Holy Balagan!

Let me start by explaining what a Balagan is.  In Israel, the word Balagan is used to describe something that is typically chaotic or a mess.  In the weeks leading up to entering the classroom, many warned that Israeli classrooms were balagans.  With typical class sizes in the mid 30’s to 40’s, it’s no wonder!

Monday was my first full day in the classroom, and to my surprise, it was VERY similar to classrooms I have been in while teaching in the US.  In my school, I teach 4th through 6th grade, and classes have between 25-30 students per class.  All of the classes have the really good students, some struggling students, and everything in between.  My main role in the classroom is to help encourage the students to actually practice their English speaking.  To help in this endeavor, when introducing me, my teacher told all of the students that the only Hebrew I know is “Cen” and “Lo”, yes and no, which meant the students had no other option than to speak to me in English.  During my introduction, my teacher told the students my name and who I was and then asked the students if they had any questions about me.  Students asked a lot of the typical get to know you questions, like how old I am and where I am from.  The question I found most interesting was from a 4th grade boy and girl.  First, the boy asked if I was wearing a Magen David (Star of David), and when I responded yes, the girl immediately raised her hand to ask if I was Jewish.  Again, with my answer of yes, she asked if I was born in Israel and then moved to the US.  The students had never met a Jew that was born anywhere else in the world and thought all Jews were from Israel!

Most of my first week was spent interacting with the students and helping the teacher with basic things as the students become more comfortable with me, which came more quickly with the 5th grade than expected!  On Thursday, all elementary schools in Migdal HaEmek participated in a community wide clean-up.  My teacher and I joined two fifth grade classes as we went around a neighborhood right outside of the school to pick up trash.  We were about halfway through our path when we got to a park, and the kids dispersed to pick up trash in the area.  The students kept coming up to me to show me how full their trash bags were!  As we started gather the students back up to continue around the neighborhood, the true Balagan of the week began.   Out of nowhere, this huge dog appeared and starting running after the kids!  Now, I could tell by the look on the dog’s face that he was happy and just trying to play with the big bags the kids were holding, but from a child’s point of view, it just looked like this giant dog was chasing them.  The English teacher and I were able to grab ahold o ft he dog as the other two teachers got the students to start heading down the street away from us.  The dog was trying to get loose, so the English teacher grabbed her cell phone to call the police.  As she was dialing, the dog got out of our grasp and sprinted down the street where he started jumping on the students, scratching them, and ripping the trash bags out of their hands, sending trash everywhere!  This time, the English teacher grabbed the dog on her own as the two other teachers had about 3/4 of the class collected to continue walking away from the dog.  The other 1/4 of the class (about 15 students) were terrified on the opposite side of the dog than the rest of the class.  They were in tears and wouldn’t move to join their classmates, so I went to them and comforted them as best I could, until they were comfortable walking with me around the dog.  When I safely got all of the kids to join the rest of their friends, we all walked down the street and around the corner until a police officer arrived and we were able to know the kids were all safe.  While I have never felt my language barrier more in this moment, this whole experience allowed the students to connect to me on a level that would never happen in a classroom.  Once many of the students I comforted calmed down, everyone was excited to ask me questions in English about dogs, if I like dogs, or if I have any pets.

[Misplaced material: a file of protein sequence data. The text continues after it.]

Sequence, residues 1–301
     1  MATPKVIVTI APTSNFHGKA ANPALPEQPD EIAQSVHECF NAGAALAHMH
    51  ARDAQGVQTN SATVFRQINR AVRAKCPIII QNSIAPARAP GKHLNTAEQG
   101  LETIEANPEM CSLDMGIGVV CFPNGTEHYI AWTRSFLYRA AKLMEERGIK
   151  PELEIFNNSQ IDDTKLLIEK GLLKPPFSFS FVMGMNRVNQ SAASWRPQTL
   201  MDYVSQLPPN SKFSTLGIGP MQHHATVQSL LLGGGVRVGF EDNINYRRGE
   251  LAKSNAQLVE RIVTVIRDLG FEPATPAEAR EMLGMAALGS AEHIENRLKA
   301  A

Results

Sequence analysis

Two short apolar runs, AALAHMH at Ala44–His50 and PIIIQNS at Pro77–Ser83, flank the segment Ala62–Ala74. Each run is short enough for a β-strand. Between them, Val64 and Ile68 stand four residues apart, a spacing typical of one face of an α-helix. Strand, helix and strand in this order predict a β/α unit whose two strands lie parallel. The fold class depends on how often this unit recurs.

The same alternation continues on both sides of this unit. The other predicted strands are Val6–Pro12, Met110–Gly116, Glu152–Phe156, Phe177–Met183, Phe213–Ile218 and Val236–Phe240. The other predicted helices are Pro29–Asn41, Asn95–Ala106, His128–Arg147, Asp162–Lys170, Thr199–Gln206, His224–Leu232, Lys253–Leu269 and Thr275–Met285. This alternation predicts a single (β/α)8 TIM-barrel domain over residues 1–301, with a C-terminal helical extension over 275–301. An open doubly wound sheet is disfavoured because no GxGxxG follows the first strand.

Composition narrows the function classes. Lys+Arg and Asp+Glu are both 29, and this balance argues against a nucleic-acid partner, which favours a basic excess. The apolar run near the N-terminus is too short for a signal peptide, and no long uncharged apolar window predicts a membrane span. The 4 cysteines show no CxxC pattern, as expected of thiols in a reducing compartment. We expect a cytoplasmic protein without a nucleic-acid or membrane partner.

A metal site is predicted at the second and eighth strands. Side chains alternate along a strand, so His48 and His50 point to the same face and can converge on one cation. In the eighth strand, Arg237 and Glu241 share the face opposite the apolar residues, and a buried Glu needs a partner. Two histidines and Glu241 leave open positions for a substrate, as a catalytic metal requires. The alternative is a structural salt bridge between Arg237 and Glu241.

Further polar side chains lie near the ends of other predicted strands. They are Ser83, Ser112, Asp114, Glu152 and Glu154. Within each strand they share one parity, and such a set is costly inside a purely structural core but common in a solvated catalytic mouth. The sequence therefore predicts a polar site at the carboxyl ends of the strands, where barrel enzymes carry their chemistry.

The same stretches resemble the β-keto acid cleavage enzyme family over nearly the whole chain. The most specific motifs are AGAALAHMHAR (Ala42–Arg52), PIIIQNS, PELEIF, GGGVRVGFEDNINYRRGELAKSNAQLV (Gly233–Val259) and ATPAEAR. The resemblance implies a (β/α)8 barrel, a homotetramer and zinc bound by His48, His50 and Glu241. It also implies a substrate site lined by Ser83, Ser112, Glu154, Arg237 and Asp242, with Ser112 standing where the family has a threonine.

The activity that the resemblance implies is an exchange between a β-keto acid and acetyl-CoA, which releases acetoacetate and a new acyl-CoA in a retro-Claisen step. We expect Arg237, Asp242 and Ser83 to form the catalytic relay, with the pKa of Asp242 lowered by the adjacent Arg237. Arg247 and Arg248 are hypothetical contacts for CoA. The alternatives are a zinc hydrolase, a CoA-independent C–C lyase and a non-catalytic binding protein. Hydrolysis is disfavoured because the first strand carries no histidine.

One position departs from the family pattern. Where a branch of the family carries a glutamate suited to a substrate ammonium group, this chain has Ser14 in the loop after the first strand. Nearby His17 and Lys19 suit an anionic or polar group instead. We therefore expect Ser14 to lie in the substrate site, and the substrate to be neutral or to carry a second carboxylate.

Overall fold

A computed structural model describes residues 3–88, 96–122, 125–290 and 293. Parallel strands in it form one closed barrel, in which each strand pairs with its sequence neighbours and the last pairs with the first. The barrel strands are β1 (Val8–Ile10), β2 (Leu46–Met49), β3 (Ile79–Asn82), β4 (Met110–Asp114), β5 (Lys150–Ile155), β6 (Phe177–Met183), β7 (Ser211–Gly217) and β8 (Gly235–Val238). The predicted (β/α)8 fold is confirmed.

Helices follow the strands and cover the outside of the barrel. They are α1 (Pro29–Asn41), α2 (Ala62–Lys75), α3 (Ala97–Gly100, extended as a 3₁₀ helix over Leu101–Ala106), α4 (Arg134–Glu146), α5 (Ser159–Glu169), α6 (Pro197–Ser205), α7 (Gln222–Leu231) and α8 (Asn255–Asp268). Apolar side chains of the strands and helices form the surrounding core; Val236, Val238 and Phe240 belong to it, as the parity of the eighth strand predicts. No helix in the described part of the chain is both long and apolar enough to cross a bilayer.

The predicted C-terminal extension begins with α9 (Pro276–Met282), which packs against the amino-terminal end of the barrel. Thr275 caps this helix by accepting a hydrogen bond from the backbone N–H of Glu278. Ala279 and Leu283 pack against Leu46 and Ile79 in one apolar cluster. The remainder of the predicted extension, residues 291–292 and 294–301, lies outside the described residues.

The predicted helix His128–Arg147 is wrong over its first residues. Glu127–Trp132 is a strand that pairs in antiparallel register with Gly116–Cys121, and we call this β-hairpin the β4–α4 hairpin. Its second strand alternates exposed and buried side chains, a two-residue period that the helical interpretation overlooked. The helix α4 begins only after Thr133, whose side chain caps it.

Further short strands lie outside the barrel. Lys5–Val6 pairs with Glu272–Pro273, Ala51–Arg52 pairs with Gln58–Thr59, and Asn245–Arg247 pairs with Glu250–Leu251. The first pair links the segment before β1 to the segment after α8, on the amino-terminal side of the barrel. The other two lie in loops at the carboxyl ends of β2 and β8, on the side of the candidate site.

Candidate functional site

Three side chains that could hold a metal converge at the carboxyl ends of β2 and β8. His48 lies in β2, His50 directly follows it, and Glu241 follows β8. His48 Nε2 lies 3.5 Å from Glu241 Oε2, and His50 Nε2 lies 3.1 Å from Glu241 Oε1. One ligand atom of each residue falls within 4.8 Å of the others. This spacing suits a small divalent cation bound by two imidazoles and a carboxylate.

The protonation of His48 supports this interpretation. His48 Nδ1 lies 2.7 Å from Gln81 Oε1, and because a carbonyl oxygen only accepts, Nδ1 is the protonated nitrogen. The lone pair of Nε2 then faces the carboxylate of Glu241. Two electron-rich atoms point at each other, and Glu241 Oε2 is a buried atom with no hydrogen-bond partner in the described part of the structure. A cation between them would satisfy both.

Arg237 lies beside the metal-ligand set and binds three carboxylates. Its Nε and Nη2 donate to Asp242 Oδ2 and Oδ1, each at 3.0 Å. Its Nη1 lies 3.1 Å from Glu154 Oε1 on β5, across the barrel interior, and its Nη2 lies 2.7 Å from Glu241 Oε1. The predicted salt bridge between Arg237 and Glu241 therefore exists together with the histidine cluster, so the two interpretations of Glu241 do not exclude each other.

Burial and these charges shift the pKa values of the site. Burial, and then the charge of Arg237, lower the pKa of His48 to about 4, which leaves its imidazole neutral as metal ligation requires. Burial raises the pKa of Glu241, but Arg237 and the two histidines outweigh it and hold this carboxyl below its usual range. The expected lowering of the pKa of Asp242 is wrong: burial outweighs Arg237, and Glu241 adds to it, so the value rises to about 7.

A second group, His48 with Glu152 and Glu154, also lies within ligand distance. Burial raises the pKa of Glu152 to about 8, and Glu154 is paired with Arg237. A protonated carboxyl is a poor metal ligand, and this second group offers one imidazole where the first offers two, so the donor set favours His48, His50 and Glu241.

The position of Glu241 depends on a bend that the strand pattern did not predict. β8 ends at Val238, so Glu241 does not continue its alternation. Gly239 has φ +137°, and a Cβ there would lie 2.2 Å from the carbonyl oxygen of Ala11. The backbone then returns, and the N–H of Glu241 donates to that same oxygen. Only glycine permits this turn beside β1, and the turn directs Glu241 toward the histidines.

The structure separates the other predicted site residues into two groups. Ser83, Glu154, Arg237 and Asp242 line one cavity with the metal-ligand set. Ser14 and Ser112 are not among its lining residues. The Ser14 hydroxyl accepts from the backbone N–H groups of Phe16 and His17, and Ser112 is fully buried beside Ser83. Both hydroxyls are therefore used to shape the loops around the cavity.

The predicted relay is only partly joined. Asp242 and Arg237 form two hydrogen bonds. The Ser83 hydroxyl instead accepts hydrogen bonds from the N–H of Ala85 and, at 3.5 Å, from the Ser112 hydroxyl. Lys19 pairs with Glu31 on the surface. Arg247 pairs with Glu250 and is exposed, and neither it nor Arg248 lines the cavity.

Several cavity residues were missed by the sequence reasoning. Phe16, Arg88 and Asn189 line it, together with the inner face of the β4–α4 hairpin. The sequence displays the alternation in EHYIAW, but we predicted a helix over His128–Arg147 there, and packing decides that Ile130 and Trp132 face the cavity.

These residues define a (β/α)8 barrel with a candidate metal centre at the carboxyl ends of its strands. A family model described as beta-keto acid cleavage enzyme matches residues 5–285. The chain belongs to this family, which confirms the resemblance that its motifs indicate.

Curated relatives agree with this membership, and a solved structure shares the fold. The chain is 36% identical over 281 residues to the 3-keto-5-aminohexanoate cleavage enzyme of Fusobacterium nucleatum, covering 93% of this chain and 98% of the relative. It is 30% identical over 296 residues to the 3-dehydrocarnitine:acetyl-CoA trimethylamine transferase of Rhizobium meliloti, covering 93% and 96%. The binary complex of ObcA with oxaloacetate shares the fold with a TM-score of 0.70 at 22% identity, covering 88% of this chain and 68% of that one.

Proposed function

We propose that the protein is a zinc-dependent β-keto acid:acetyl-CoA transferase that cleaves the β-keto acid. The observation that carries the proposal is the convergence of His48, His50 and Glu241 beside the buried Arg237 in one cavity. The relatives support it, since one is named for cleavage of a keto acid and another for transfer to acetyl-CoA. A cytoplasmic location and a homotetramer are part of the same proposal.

This may not be a typical experience for any teacher, but it was something that I feel ended up turning into a very positive chance to connect with my students.  I am so excited to be able to go back to school tomorrow to see how the 5th graders are doing and to see how this experience will positively affect our our relationship in the classroom.


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